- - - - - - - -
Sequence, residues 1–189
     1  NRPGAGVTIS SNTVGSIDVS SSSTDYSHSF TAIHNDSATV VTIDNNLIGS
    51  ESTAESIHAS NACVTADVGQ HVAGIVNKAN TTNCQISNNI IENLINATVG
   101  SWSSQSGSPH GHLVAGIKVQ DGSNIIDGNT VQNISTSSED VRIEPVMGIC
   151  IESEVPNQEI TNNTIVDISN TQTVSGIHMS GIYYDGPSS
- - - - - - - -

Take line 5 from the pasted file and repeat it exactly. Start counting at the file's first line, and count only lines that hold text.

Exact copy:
   151  IESEVPNQEI TNNTIVDISN TQTVSGIHMS GIYYDGPSS